This Saturday, 12 September, the Singapore Mediation Convention (also known as the United Nations Convention on International Settlement Agreements Resulting from Mediation) will enter force for the first states to have ratified it.
The Singapore Mediation Convention aims to reduce issues around the international enforcement of cross-border mediated settlement agreements by creating an international framework for their enforcement. Currently, in order to enforce the terms of a cross-border mediated settlement agreement, a party would generally need to bring court proceedings for breach of contract and then seek to enforce the resulting judgment, potentially in another jurisdiction depending on where assets are located. This process inevitably costs time and money.
The Convention will allow the direct enforcement in Convention states of international settlement agreements resulting from mediation, concluded by parties in writing to resolve commercial disputes. An enforcing party will therefore be able to apply directly to the courts of the Convention state where assets are located to enforce a qualifying settlement agreement. It seeks to act in a similar way to how the New York Convention aids the enforcement of international arbitral awards.
On Saturday, the Convention will come into force for the first three states to have ratified it: Singapore, Qatar and Fiji. Those states will be joined by Saudi Arabia in November and by Belarus and Ecuador early next year. Another 47 states have so far signed, but not yet ratified, the Convention, including China, the United States, India and South Korea.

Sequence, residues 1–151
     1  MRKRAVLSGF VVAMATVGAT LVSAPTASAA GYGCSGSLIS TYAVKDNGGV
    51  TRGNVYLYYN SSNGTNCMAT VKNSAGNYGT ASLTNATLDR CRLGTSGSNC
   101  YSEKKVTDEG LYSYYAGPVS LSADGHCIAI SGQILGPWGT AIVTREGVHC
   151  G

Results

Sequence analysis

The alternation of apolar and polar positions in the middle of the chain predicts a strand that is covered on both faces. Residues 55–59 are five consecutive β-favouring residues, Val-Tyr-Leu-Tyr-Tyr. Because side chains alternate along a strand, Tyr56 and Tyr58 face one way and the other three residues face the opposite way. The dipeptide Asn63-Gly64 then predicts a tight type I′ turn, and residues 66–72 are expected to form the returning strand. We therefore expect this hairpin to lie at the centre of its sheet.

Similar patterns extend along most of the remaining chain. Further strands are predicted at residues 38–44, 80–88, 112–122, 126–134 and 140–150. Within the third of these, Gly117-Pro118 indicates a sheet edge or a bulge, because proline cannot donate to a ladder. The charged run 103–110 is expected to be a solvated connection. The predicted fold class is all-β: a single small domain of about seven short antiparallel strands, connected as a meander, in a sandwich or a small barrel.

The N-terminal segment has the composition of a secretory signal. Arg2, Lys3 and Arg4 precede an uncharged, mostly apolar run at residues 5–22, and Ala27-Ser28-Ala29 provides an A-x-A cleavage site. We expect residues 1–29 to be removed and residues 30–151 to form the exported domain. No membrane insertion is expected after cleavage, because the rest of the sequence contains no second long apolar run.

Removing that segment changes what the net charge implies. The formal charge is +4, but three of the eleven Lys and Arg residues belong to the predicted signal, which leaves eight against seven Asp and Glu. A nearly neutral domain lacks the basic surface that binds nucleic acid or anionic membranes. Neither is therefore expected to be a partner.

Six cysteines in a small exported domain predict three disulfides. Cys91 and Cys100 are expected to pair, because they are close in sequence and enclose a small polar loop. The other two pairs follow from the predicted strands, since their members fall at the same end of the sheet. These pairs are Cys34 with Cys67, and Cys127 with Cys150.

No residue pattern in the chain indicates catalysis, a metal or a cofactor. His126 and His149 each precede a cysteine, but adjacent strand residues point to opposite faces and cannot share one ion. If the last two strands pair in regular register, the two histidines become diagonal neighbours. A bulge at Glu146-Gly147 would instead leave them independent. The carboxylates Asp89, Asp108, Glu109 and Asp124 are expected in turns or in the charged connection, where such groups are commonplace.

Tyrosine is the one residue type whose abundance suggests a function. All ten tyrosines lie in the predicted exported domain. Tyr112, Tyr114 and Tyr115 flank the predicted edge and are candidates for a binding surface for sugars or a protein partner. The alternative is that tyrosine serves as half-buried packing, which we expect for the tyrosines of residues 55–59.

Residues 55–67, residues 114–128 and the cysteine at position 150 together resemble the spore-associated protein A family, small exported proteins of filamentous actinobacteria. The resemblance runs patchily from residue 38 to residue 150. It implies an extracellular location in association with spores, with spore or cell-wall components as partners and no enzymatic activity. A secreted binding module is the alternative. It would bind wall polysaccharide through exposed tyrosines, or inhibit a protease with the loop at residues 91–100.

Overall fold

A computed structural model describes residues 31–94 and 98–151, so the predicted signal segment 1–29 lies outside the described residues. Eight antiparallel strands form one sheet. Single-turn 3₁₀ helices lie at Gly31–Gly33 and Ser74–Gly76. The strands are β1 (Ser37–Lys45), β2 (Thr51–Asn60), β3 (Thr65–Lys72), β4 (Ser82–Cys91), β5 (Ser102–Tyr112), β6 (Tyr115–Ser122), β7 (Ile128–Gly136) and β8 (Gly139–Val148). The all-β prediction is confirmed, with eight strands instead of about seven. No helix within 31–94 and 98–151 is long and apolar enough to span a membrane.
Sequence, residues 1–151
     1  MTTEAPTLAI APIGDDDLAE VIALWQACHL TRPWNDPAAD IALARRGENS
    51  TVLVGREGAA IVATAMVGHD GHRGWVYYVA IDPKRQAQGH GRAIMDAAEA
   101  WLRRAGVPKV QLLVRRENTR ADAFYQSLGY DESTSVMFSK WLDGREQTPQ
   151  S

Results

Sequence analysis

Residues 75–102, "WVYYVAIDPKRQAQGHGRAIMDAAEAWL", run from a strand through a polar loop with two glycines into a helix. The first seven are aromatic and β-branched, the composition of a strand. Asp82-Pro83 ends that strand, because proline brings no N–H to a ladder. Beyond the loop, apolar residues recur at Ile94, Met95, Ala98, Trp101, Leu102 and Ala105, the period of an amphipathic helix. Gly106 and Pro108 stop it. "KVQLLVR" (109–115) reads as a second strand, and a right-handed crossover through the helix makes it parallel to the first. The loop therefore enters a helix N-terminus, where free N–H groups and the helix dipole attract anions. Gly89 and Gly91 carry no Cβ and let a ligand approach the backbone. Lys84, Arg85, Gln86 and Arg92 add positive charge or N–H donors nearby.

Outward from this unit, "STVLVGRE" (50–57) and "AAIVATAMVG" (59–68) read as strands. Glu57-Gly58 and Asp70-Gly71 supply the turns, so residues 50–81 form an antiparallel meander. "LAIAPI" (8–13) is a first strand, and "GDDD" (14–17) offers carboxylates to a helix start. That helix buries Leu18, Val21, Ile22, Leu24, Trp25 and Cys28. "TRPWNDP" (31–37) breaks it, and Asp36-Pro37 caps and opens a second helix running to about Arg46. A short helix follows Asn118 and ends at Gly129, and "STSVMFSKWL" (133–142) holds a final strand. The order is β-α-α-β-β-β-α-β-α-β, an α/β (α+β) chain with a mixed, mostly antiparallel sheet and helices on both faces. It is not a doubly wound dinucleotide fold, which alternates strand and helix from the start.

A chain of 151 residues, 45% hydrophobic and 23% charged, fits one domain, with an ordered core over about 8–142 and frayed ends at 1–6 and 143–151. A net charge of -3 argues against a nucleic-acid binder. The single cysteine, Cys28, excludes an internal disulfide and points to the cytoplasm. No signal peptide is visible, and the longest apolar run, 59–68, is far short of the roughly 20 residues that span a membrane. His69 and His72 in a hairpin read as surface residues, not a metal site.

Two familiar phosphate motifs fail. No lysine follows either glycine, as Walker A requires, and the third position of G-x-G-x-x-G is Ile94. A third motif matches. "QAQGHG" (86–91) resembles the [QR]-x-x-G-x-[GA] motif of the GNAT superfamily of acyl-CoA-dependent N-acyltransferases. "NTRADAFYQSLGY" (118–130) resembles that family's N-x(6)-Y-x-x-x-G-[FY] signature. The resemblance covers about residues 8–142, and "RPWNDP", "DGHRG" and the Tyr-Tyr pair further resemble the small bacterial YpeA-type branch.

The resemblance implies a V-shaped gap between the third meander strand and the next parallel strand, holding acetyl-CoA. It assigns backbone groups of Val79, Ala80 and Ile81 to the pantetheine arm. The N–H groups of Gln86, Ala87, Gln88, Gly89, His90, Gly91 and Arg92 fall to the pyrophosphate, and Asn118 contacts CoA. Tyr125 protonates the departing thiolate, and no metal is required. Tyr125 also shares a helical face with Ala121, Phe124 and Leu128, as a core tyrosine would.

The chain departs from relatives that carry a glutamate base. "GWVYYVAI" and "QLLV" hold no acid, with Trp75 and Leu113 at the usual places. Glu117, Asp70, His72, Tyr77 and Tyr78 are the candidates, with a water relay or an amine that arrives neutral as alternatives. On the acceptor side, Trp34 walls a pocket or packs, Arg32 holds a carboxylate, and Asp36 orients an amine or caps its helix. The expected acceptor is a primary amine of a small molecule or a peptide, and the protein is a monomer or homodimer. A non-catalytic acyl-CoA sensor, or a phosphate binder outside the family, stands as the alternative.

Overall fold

Notable omissions from the list of signatories include the EU and the UK. The EU has not reached a position on whether EU member states should join the Convention as a bloc or whether it should be a matter for individual member states to decide whether to sign-up in their own right.
EU member states (including, during the transition period, the UK) are subject to a European regime on cross-border mediations in civil and commercial disputes under the EU Mediation Directive. The EU rules are broader than the Singapore Mediation Convention as they cover the conduct of the mediation process itself as well as enforcement of mediated settlement agreements. Unless a deal is reached, the EU rules will no longer apply to the UK at the end of the transition period (except for certain transitional and savings provisions).
With that in mind, the UK government confirmed in a policy statement and fact sheet in June that it is considering joining the Convention. These documents follow an illustrative draft statutory instrument published in May, which shows how the Convention might be implemented in the UK. Although the UK government “has not taken a formal decision yet” on whether the UK should sign-up, these documents appear to suggest that the government is giving serious thought to the possibility.
Some commentators suggest that the Convention could become as significant to international mediation as the New York Convention is to international arbitration. We are clearly some way off that, although the New York Convention was also a slow burner. By the end of 1959 (the year in which the New York Convention entered force), the New York Convention had six parties. Fast forward sixty years and the New York Convention has around 165 parties and is widely considered to be the cornerstone of the global arbitration system.
As well as the take-up among states, the success of the Singapore Mediation Convention will depend on the willingness of states to develop their own domestic laws to encourage and facilitate the use of mediation as a form of dispute resolution, particularly in states where mediation is less widely used. In addition, the option for states to make a reservation that the Convention will only apply if parties to settlement agreements agree to the Convention’s application may also limit the Convention’s effectiveness. However, with the benefit of time, the Singapore Mediation Convention could prove pivotal in the development of mediation as a means of international dispute resolution.